Friday, May 5, 2017
Visit to the Pulmonologist: Some Interesting Lung Facts
This visit is to discuss my persistent pleural effusion which is a side effect of the medication Sprycel, that I take to control my chronic mylogenous leukemia. I have recently had two thoracentesis; seven weeks apart. The first resulted in removal of 1.8 leters of fluid, and the second one removed 1.5 liters of fluid from my left lung.
The reason for this visit, is that despite just having all of that fluid removed, it is has returned returned, just one week down the road.
For the first time, I have a clearer understanding "why" this may be happening. Of course, we know that Sprycel is a main contributor, but I have been off of Sprycel for a one week period, during this time; so this is not likely the cause.
The doctor explained to me, that your lung is inside a sac, the pleural sac, and between your lung and this sac is fluid. This fluid is continually refreshing itself through valve-like mechanisms in your pleural sac; kind of like intake and outtake valves; in with the new, out with the old. This fluid acts like a lubricant between your lung and the pleural sac.
So, here is one scenario that could be the cause for pleural effusion; Sprycel messes with the actual mechanics of the valve; leaving it on the on position too long, or keeping the "out" valve from releasing the fluid.
Here is the second scenario, and more likely my personal issue. Since I have had this fluid build up, off and on during the past five years, (possibly due to the valve theory) my left lung has been scrunched up inside of the pleural sac. Because I was so adept at adapting, I never realized how scrunched up, and for what length of time, my lung was actually scrunched up there.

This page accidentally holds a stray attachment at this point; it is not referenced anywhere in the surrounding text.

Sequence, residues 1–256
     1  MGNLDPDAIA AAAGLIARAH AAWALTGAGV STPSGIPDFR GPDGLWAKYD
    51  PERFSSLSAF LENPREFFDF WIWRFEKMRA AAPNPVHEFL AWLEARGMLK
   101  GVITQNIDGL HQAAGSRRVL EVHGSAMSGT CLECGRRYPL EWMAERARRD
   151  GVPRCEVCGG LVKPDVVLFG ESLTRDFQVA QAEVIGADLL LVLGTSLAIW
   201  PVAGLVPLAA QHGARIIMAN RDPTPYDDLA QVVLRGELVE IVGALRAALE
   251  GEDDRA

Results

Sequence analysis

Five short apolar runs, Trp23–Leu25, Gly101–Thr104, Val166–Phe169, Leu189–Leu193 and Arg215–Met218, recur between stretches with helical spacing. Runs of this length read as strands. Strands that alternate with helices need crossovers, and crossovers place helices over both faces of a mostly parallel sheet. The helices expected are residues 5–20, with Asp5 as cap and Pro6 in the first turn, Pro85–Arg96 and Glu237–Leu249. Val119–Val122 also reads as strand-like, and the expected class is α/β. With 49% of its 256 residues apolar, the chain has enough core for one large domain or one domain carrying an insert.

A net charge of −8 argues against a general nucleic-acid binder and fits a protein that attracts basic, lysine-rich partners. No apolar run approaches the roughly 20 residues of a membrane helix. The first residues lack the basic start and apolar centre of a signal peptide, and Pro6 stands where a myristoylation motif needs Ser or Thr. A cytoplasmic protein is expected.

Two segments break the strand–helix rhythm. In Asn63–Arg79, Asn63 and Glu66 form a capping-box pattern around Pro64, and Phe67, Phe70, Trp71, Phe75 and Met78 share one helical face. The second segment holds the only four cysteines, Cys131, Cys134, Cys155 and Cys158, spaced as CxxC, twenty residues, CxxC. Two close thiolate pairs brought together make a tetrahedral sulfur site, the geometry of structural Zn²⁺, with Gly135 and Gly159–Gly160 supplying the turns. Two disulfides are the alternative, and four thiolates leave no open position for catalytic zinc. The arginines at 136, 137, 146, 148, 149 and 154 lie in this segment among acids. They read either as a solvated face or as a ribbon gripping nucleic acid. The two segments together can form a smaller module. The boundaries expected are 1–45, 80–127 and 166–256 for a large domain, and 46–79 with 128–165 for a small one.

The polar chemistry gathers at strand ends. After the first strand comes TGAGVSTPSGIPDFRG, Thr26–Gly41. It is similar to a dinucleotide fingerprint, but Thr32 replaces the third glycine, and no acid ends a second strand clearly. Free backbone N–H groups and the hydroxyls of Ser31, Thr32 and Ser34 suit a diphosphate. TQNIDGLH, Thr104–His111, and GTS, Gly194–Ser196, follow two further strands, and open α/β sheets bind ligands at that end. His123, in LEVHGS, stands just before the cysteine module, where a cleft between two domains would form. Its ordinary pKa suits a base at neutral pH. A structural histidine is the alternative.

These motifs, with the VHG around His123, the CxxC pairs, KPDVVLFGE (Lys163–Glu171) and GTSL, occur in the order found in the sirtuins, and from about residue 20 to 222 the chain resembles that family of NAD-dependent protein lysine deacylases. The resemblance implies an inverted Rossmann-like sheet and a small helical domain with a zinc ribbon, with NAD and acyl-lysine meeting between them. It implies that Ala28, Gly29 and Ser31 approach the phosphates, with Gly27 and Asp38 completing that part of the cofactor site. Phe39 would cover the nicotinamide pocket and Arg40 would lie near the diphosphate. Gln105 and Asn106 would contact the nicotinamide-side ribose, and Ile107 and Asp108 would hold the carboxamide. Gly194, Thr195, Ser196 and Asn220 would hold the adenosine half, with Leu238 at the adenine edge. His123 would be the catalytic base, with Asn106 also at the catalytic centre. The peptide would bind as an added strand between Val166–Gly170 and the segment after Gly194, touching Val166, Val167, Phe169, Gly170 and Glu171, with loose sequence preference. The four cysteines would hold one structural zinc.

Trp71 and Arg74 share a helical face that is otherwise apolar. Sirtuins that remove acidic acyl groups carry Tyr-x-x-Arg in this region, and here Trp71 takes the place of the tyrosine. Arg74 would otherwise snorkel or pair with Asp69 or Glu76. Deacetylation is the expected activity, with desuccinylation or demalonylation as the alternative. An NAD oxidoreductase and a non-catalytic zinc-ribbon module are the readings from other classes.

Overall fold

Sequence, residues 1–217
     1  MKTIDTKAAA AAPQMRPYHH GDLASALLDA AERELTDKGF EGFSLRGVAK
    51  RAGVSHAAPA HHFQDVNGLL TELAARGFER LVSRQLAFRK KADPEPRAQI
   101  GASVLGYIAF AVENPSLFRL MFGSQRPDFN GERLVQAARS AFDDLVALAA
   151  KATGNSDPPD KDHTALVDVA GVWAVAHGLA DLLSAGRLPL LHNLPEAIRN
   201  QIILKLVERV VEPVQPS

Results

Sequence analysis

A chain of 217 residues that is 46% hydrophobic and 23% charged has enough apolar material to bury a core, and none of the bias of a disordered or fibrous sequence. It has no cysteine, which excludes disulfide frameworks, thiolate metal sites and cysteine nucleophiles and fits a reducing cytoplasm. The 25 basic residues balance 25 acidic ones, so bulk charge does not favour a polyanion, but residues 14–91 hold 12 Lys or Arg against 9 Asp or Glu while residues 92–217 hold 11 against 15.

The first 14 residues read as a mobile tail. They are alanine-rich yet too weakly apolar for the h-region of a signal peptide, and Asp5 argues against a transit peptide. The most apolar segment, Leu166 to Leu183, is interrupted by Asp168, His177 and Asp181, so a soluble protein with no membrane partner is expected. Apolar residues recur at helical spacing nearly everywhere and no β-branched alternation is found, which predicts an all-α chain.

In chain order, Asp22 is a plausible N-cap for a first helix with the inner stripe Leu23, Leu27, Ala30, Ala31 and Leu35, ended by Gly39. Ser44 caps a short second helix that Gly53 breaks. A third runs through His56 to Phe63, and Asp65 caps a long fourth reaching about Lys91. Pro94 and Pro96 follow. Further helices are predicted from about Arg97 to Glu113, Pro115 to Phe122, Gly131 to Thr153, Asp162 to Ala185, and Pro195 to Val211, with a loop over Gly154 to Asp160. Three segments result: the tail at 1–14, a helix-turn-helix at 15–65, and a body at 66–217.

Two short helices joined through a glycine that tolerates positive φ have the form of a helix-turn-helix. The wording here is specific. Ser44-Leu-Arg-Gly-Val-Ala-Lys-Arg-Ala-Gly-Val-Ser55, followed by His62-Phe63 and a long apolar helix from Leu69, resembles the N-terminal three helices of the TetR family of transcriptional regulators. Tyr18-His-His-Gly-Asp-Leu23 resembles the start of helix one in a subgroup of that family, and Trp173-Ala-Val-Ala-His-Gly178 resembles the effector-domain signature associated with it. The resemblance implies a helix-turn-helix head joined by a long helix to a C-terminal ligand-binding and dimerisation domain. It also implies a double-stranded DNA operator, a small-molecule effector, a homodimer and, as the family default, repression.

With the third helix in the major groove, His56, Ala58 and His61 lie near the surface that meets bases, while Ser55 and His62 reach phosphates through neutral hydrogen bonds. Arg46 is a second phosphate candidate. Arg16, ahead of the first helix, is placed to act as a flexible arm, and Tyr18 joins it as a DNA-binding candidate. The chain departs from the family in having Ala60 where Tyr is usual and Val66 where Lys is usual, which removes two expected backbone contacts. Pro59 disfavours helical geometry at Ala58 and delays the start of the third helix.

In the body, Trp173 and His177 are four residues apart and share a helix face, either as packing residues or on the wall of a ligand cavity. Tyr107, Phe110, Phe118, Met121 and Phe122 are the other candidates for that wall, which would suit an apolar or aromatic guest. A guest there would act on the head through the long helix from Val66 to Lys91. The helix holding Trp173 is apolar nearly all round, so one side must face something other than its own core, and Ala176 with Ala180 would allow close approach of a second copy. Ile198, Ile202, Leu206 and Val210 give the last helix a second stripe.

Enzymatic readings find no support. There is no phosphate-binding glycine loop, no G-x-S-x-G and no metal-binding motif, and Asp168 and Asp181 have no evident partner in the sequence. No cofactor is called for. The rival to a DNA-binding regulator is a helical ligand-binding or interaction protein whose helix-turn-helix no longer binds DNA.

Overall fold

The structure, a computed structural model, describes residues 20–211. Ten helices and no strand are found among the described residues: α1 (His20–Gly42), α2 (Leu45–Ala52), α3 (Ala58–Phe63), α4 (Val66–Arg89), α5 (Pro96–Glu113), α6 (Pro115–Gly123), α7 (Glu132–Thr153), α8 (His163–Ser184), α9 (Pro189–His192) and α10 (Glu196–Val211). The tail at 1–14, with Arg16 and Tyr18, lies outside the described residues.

It is possible that during the time it was/is all scrunched up, that a fibrous coating of material has
formed on my lower lung, preventing it from fully inflating, even when the fluid is removed. My understanding is that something, must always fill that pleural space, and if the lung does not drop back into that space by re-inflating, when the fluid is removed, then the fluid will build back up, in order to fill the space.
You follow me so far?
Of course, the next question is, what do they do if this is the case? The answer, unfortunately does not sound fun; the doctor refers to this fibrous material as a "rind" and in order to "fix" the problem, surgery is required to "peel" the "rind" from the bottom of the lung; thus allowing it to fully re-inflate.
The doctor and I also discussed the possibility of have a pleuradesis performed "if" I have to have surgery to remove the peel. This is a procedure that would be done at the same time and involves irritating the outside of the lung either manually, by "scratching" the surface, or by putting in a talc to cause irritation.
The goal of this procedure is to cause the lung to form scar tissue and adhere to the pleural sac, thus eliminating the void where the fluid collects.
My questions are that if the fluid cannot go into the left pleural space, will it them collect in the right pleural space, or the sac around my heart; the pulmonologist said, "Not necessarily." However, this is something I will discuss with my oncologist, as it does concern me.
He said that I should seriously consider this as a viable option, as we know that Sprycel does work in controlling my CML, while allowing me a decent quality of life, with the exception of the pleural effusion; if the procedure was successful, I could carry on with Sprycel, without skipping a beat, if this side effect could be resolved through this surgery.
All food for thought. Fear of the unknown and elimination of something that I know works in controlling my CML, all play into my thought process. The "What ifs?" will be coming out in full force and there is much to consider.
None of this will be resolved prior to my trip, but I hope to have a clear picture of what I am going to be facing when I return.
Now, I am off for a CT Scan, with a referral to a pulmonary surgeon.
And the beat goes on!